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All are invited to Japanese Festival
Koji Kuwahara
Antelope Staff
Courtesy photo
Japanese Association at Kearney (JAK) members discuss the upcoming Japanese Festival scheduled on Sunday, Nov. 8, from 5 p.m. to 8 p.m. at the Ponderosa room.

Koji Kuwahara, a former Antelope staffer, invites the campus and community to the Japanese Festival Nov. 8. Kuwahara says:

Japanese Festival can help build new characteristics and familiarize people with a new culture. This festival can teach you knowledge, rewarding you with new experience and new understanding. Good food can taste bad just because it tastes different than people expected. The same is true of everything, especially in cultural understanding. People sometimes have a stereotype about foreign cultures. Knowing and studying about the foreign culture is the beginning of a new world view that can break down a stereotype.

Ryuji Takemoto, president of Japanese Association at Kearney (JAK) said this is an opportunity to understand the Japanese students and grow. “Since I came to Kearney,” he said, “I have learned lots of differences between countries. I grew up considerably through the valuable experience. That is why I would like to give others a chance to know Japanese culture.”

The festival gives people a chance to study the Japanese culture to learn about people in different regions who have different lifestyles, Takemoto said. “Japanese Festival is a valuable chance to touch Japanese culture. Because the festival is completely managed by Japanese, it becomes the Japanese style festival.”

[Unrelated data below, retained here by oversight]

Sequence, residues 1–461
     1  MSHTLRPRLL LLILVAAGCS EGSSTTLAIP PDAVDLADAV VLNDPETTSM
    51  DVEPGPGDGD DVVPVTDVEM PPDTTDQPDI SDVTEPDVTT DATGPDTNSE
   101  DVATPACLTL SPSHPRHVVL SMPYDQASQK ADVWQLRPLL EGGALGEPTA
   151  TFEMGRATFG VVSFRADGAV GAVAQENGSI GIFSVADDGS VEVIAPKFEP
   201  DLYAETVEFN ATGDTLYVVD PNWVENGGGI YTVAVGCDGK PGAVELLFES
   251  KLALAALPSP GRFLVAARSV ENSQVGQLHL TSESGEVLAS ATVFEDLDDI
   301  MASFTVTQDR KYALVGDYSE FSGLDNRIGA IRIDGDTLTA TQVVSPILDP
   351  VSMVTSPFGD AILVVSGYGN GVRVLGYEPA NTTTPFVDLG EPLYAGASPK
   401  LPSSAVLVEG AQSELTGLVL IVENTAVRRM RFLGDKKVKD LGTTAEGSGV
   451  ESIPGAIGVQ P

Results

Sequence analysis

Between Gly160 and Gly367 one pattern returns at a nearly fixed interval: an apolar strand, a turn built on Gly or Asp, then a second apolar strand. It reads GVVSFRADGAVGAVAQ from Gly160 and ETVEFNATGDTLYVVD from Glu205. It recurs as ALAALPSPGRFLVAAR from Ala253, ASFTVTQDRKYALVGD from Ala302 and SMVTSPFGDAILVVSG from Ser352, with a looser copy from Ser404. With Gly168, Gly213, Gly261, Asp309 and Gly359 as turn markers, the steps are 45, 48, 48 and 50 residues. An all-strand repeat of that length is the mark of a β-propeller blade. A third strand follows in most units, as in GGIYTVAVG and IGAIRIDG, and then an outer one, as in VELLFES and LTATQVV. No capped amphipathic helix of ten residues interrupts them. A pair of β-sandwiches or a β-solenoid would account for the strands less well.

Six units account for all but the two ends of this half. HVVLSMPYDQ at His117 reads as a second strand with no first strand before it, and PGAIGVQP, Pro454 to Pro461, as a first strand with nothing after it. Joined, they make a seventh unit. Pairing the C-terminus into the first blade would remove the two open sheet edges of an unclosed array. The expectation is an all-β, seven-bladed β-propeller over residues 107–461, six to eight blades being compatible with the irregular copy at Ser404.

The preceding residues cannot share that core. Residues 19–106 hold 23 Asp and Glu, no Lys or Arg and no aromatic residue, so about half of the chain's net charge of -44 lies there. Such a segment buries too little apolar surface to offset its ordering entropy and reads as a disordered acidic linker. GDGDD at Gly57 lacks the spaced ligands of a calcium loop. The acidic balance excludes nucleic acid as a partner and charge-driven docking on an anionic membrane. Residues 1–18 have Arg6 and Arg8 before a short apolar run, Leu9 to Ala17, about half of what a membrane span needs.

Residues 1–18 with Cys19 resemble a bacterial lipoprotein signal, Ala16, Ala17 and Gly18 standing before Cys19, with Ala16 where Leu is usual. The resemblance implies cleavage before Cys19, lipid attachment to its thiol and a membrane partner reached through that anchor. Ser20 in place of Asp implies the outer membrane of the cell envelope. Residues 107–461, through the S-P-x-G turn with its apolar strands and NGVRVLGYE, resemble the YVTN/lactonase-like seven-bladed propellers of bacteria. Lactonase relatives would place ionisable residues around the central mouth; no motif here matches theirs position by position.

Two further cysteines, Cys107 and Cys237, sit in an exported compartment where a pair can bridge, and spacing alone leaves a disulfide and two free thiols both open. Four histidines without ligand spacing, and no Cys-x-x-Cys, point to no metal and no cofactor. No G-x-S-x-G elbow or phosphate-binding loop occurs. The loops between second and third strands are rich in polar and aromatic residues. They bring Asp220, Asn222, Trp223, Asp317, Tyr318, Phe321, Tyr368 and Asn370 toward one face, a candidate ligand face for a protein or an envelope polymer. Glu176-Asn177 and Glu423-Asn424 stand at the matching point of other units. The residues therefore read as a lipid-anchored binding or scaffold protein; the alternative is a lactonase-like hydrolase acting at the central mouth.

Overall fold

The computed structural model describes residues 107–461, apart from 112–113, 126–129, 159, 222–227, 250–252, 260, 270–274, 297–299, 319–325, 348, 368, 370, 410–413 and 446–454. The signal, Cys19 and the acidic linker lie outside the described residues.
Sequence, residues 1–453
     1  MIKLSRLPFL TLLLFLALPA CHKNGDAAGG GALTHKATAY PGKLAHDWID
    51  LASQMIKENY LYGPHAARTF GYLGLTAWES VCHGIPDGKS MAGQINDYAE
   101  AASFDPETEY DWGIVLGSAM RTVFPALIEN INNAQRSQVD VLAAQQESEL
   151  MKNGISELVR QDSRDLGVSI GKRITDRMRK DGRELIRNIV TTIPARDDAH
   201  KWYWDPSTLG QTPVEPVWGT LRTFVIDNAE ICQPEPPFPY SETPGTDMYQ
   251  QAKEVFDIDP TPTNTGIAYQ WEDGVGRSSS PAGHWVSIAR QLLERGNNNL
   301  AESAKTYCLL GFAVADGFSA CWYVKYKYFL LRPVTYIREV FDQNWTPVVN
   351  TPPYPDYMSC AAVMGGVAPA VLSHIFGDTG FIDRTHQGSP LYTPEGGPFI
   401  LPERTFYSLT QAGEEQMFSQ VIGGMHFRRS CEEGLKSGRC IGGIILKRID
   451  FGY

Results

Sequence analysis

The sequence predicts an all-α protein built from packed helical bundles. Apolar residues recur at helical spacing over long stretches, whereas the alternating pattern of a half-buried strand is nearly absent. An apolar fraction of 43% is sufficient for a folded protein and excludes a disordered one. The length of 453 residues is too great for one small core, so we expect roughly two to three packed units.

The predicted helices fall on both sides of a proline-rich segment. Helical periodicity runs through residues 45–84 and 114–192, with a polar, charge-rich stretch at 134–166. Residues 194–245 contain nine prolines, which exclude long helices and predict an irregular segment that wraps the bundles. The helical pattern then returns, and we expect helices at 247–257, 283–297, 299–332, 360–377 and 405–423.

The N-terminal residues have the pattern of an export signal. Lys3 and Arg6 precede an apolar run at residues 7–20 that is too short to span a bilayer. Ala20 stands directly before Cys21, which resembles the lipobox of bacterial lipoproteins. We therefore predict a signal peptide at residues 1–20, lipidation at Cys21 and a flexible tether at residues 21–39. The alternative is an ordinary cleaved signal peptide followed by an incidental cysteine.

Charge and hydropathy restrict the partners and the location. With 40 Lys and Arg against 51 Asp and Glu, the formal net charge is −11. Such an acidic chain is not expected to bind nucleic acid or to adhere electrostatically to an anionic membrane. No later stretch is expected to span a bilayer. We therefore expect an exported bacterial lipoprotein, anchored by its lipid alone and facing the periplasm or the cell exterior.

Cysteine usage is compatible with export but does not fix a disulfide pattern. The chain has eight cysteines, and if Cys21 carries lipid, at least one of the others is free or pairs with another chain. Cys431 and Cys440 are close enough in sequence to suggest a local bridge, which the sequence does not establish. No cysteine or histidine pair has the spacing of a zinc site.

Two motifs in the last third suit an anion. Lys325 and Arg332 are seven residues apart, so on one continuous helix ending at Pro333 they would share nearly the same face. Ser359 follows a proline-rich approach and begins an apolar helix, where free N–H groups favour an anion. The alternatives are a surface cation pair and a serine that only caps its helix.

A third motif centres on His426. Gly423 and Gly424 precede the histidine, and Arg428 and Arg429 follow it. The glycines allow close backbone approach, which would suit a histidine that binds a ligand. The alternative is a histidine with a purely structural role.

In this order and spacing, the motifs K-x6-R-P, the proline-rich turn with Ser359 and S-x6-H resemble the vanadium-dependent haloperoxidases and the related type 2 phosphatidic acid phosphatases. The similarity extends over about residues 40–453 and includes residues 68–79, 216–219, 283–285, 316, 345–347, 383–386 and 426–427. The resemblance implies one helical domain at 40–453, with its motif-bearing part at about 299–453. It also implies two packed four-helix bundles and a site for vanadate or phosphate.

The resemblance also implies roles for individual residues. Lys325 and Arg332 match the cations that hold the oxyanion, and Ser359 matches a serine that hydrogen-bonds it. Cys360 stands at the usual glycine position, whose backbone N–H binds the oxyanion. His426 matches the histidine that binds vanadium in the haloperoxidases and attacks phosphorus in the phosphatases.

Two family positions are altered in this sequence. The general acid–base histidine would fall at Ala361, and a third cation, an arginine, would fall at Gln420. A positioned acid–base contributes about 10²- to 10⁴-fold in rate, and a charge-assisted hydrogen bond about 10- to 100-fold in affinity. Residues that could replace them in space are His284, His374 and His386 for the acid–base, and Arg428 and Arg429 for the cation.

Most of the people in Kearney have never been to Japan, and JAK members realize it is difficult for those people to know Japan. Therefore, they offer Japanese Festival as a good chance to experience Japan here at home.

Takemoto said the concept of JAK 2009 is to draw as many people as we can involve into the events. “In addition to this, if all UNK students join and enjoy the festival, I am glad more than anything. I hope you come and love Japan.”

JAK puts effort into two big events. One of them, the Sakura festival, held in the spring semester shows old Japan and offers a chance to experience Japanese traditional culture. JAK wants to show modern Japan in the Japanese Festival allowing participants to experience modern Japanese entertainment.

“We have stage performances and lots of booths. Everything about Japan is very significant, and the meaning is very deep,” Takemoto said.

On the stage, Japanese Festival will offer a yukata (Japanese garment) collection, Kendo demonstration, Soran Dance, hip-hop dance and a modern Japanese chorus. Booths will offer free Japanese food, shodo (calligraphy), a robot show, Japanese clothing, video games, popular new music and Kanji face painting.

Attending the Japanese Festival is one of the best ways to build good relationships between people of different cultures. People have different attitudes, ideas, values and goals based upon culture. Japanese Festival can break down borders.

While the world struggles with differences between people, Japanese Festival is a way for humans to relate to each other all over the world. This festival is Sunday Nov. 8 from 5 p.m. to 8 p.m. in the Ponderosa Room. Please come and see this big event.

To learn more about JAK, please visit


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